Albium Ingaunum is the name of the main town of the Ligures Ingauni who were subdued by the Roman proconsul Lucio Emilio Paolo in 181BC; the town was built on the sea shore at the beginning of the 1st century BC with the classic style of a Roman city and retained its original Roman layout through the Middle Ages until today. Albenga became an important center for the Christian Church as evidenced by the presence of its bishop Quinzio as early as 451. In this period the Baptistery (still intact today) was built along with the first Cathedral thanks to the reconstruction effort of the General Costanzo who later became Emperor of the Roman Empire.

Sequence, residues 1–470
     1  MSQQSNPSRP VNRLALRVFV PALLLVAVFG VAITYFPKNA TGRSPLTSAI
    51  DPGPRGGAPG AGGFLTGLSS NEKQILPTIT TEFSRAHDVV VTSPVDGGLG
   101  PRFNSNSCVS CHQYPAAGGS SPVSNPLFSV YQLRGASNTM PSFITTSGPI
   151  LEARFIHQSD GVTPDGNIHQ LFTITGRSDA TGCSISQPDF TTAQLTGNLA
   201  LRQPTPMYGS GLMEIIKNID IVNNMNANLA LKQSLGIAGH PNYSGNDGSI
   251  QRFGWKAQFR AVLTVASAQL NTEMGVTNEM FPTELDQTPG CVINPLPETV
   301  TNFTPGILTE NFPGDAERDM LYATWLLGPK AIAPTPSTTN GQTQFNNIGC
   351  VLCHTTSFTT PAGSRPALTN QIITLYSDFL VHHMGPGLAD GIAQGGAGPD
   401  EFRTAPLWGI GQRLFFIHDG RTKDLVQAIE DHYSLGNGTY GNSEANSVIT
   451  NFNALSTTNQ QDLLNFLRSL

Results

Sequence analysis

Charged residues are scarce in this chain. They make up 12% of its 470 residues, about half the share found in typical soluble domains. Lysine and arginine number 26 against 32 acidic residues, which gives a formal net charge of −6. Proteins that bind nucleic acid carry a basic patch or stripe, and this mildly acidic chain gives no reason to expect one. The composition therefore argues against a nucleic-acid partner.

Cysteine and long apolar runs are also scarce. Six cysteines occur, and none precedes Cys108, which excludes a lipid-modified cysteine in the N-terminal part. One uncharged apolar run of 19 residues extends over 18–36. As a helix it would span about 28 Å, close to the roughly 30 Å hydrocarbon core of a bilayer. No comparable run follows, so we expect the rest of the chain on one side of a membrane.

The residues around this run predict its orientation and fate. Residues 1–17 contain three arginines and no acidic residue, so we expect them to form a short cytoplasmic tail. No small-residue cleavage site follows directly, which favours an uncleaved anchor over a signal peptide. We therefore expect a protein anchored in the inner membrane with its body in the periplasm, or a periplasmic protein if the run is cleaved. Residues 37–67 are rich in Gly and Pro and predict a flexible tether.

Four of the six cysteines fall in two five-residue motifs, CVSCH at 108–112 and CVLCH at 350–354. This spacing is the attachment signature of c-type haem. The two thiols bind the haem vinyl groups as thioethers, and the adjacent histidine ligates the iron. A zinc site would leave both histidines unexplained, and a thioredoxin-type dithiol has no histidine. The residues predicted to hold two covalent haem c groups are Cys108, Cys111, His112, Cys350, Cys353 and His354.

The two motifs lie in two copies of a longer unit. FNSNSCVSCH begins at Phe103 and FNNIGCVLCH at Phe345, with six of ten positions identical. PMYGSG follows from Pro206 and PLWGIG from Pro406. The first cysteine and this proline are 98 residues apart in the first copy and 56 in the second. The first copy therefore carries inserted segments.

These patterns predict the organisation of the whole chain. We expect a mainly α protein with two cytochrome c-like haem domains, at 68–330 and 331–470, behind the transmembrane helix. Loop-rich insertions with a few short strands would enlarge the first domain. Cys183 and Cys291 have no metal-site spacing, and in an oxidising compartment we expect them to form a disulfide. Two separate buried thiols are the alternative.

In the Middle Ages, Albenga retains its status as administrative center and flourishes after achieving the status of free “comune” in 1127. This is the beginning of the “golden age” of Albenga as numerous towers are built by rich merchants and noble families. Albenga expands its influence beyond its walls and strikes alliances with its neighbors. But this lasts only a few decades since the death of Federico II brings about the dominance of Genoa which imposes its power on all the Ligurian towns including Albenga. At the same time, the change of course of the river Centa with subsequent loss of its port brings about a severe economic downturn. Fortunately ,during the Renaissance, the important families of Albenga, thanks to strong ties with the Holy See, are able to transfer their economic interests to Rome and Spain while continuing to expand their family towers. Albenga will continue to be an important center in Liguria and will also become the administrative center of the Province of Savona until 1927. The Diocese of Albenga remains today an important one within Liguria with a bishop on site. In modern times, thanks to its very fertile plain, Albenga becomes an important agricultural area with world-renowned produce including purple asparagus, artichokes and herbs.